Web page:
I am doing some modeling to predict a variable of interest given a big set of features (500) for which I expect a considerable amount of interactions happening at least among some of them.

I first tried to do a multilinear regression and the predictions were not so good (R2 around 0.2) but then I switched to Random forests and my R2 got much better (0.5/0.7 test/train set). I thought by using more complex models I could get an even better performance, but in reality, this does not happen.

I tried a vanilla FNN after standardizing all features, with different setups:

  • If I set 2 hidden layers it gets overtrained very easily (R2= 0/0.8 test/train set)
  • If I set one hidden layer and a reasonably high number of nodes it still gets overtrained but less badly (R2 = 0.2/0.8 test/train set)
  • I also tried increasing a lot the number of epochs (up to 1000) and it didn't help at all.

So for some reason, FNN cannot outperform the random forest in this case.

Do you have any suggestions for a good choice of model for a case like this?
Some relevant info are the following

  • Most features are coordinates (define the position of the object in the space)
  • They are all numeric features, some are continuous and some are discrete
  • I expect that there is a lot of interactions between some features
  • Some feature are probably useless (according to the RF model)
  • In my case the best I can expect is probably R2 = 0.8

If you need more info comment below and i will add those in the questions.

More Info

  • I have 6400 observations not time related
  • Each observation is basically a measure of a pair of 2 objects. That means that my response variable is not a trait of one simple object but can be measured only between pairs of objects
  • $\begingroup$ Regarding the FNN, you should normalize the features in a given range, e.g. [-1, 1], then regularize the network (try weight decay first, then dropout). Moreover, you can also try an xgboost model, which I expect to beat the RF. $\endgroup$ Dec 7, 2023 at 21:32
  • $\begingroup$ Yes i did standardize all the features for the FNN, i forgot to mention that before but now I've added it. $\endgroup$
    – Mirko
    Dec 8, 2023 at 0:53
  • $\begingroup$ How many observations do you have? Is your data a time series? $\endgroup$ Dec 8, 2023 at 9:03
  • $\begingroup$ Added more information on the observation number and type $\endgroup$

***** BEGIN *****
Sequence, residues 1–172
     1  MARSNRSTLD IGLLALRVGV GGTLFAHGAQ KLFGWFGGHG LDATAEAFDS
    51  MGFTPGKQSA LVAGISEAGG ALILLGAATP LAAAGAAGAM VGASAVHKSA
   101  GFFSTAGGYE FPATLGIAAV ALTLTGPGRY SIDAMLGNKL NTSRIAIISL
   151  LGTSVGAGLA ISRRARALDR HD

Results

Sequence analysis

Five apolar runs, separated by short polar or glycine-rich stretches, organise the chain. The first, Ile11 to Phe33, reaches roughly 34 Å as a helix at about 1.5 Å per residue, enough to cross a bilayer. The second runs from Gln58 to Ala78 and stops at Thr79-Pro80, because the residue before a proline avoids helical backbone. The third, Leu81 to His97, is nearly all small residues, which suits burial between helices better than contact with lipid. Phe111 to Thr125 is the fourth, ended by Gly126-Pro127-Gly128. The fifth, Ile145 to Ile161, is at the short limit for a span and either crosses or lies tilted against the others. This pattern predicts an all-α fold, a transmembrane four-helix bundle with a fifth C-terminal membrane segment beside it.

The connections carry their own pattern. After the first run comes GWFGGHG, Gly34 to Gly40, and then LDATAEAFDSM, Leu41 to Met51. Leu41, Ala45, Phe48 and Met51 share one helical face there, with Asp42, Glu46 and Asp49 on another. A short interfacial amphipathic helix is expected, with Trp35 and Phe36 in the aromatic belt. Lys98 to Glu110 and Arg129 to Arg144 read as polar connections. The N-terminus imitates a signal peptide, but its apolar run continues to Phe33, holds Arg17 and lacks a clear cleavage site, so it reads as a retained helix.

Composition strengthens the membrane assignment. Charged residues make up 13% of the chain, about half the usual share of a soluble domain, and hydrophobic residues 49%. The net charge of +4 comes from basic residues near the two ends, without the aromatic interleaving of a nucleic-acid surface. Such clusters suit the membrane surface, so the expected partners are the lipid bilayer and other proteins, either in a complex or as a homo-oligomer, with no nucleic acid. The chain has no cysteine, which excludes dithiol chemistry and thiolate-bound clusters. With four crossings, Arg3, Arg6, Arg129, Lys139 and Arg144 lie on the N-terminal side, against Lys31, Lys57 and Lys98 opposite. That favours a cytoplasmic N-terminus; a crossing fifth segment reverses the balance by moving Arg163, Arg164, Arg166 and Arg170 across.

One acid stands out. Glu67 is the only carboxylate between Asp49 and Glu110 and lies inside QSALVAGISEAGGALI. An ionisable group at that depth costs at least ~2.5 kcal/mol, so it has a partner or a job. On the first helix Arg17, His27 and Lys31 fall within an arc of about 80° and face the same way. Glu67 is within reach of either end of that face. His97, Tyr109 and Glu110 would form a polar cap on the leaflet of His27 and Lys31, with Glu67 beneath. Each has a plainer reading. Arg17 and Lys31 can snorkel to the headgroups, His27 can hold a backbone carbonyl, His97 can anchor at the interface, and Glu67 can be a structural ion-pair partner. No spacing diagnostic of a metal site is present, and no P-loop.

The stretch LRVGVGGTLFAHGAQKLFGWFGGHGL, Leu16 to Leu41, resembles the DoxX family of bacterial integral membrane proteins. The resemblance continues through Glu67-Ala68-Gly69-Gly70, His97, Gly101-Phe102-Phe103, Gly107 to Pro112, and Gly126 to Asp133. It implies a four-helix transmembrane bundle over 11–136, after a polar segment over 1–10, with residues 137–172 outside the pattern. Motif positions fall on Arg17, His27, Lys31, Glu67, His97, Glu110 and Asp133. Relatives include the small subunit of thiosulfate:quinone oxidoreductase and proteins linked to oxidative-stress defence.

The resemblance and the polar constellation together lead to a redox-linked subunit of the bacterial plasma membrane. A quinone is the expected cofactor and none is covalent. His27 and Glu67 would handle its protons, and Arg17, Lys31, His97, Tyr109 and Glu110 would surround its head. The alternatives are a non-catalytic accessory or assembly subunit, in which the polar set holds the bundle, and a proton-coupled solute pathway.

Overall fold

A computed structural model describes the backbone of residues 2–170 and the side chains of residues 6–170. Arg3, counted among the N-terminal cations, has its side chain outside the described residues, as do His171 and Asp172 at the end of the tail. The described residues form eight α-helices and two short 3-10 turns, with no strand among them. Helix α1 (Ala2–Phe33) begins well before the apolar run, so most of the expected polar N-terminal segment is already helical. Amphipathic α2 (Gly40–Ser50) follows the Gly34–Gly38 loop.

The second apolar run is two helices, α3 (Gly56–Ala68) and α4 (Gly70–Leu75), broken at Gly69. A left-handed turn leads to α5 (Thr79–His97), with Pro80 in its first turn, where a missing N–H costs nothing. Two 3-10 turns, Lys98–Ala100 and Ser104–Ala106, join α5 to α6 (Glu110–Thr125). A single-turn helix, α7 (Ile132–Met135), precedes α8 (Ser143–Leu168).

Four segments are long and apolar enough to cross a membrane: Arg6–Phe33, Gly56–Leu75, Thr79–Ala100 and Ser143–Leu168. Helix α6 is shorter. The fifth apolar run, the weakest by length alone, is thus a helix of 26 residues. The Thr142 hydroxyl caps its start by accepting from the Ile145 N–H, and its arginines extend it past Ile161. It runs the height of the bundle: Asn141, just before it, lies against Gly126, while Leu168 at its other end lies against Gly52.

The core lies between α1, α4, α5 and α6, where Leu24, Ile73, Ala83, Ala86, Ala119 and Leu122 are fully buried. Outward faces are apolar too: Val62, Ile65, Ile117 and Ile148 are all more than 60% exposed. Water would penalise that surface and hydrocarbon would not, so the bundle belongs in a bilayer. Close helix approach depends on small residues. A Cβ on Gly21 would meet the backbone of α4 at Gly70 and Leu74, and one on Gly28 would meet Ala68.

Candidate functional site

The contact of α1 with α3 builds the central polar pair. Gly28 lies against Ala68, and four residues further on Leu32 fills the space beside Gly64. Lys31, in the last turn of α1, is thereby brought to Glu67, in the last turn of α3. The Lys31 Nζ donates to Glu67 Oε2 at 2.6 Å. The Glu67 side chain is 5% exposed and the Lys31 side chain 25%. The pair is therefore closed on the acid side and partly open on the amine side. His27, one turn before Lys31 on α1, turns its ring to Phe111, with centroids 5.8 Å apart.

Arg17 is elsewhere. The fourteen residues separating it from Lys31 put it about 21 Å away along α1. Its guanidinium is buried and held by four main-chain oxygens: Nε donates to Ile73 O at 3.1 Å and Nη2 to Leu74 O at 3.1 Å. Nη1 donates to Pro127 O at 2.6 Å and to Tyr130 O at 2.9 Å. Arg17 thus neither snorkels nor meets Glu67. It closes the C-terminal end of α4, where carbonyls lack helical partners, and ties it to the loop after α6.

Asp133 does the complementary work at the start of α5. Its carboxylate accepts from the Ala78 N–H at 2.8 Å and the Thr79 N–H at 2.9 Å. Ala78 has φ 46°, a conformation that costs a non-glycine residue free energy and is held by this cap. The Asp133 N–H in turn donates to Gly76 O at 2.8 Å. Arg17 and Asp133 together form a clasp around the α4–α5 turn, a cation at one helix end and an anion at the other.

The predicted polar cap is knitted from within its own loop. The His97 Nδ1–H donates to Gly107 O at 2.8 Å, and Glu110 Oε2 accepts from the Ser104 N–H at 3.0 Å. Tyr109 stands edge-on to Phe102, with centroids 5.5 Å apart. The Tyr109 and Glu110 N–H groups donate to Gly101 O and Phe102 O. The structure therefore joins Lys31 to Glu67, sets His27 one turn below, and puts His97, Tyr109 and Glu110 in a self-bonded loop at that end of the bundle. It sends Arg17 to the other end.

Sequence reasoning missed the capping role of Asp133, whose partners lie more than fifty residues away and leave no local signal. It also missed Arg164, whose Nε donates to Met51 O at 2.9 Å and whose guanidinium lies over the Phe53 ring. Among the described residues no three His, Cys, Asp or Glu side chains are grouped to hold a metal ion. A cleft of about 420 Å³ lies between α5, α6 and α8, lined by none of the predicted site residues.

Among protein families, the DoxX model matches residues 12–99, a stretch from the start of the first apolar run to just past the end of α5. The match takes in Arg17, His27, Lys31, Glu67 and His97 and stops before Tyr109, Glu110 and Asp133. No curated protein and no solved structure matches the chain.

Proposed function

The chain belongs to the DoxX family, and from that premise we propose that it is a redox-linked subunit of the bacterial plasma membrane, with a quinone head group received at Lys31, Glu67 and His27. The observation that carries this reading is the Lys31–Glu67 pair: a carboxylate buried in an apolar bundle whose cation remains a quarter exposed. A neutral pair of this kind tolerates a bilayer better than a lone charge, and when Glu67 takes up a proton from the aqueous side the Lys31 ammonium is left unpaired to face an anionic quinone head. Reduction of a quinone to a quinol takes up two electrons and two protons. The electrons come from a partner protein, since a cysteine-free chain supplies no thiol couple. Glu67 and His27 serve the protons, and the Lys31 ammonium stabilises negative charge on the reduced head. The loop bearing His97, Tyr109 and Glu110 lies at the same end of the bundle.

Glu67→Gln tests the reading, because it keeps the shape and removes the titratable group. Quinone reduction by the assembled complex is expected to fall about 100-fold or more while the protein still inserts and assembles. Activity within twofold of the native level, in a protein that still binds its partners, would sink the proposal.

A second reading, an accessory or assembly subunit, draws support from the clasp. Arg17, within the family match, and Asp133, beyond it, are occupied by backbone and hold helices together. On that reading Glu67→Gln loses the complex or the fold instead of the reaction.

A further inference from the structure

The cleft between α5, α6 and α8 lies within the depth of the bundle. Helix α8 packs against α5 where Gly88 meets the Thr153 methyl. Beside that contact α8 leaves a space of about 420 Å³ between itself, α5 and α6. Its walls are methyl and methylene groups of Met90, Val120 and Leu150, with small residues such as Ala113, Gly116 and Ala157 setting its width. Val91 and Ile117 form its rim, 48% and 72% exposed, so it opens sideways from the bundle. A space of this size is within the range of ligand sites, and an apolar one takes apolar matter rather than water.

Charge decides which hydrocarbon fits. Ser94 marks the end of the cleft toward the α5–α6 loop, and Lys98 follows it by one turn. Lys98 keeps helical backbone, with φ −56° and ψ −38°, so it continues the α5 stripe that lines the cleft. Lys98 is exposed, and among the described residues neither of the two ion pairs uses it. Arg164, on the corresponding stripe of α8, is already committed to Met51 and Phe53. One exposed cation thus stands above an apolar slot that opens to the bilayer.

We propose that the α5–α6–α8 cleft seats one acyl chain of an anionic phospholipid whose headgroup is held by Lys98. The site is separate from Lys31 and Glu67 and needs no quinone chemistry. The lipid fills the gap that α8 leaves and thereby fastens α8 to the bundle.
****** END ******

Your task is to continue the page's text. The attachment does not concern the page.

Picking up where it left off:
– Mirko
    Dec 8, 2023 at 17:54
  • $\begingroup$ @Mirko you can try factorization machines. $\endgroup$
    – noe
    Dec 9, 2023 at 14:44

2 Answers 2


From my experience, as you model physical phenomena, neural networks should outperform any tree-based method. I don't even mean any error metric, but the issue is that the neural network's prediction might be smooth and the tree's not - it always will have a "steps-shaped" nature. If the quality of interpolation and modelling an actual phenomenon is important to you, you should stick to a neural network, in my view.

However, relationships in your dataset might be pretty complex and vanilla NN might not be sufficient. For me is important to set such activation functions in your neural network to mirror relationships between input variables and the output variable. In a perfect case, if you did it well, it would even facilitate your model's extrapolation capabilities. You should start with the analysis of your data. You can start from:

  • remove insignificant variables - if the random forest finds some variable unnecessary, it probably is
  • handle highly correlated input variables - if a few variables have the same information, just one of them might be enough
  • identify the most vital variables and visualise how they correlate with the output variable - it will help you identify what type of activation function you should use
  • consider transforming some variables to help you predict better - it could be a difference or product of some features, try to understand them more thoroughly and apply this knowledge. Sometimes even changing a unit helps a lot.

Besides, I can give you a few pieces of advice on how to build your network better:

  • use regularization to generalise better - e.g. Dropout
  • adjust the depth of your network - in many cases one hidden layer is not enough
  • adjust the width of your network - it doesn't have to be very wide
  • activation might be the key - I repeat
  • remember to scale your data - BatchNormalization layer at the very beginning might be sufficient

I hope something from this list will be helpful for you.


Try different regularization techniques in FNN to help it generalize better.

Gradient-boosted regressors work well too.

Maybe a piecewise multilinear regression could work.

Not experienced in this but Bayesian models could deal with uncertainty better.


Your Answer

By clicking “Post Your Answer”, you agree to our terms of service and acknowledge you have read our privacy policy.

Not the answer you're looking for? Browse other questions tagged or ask your own question.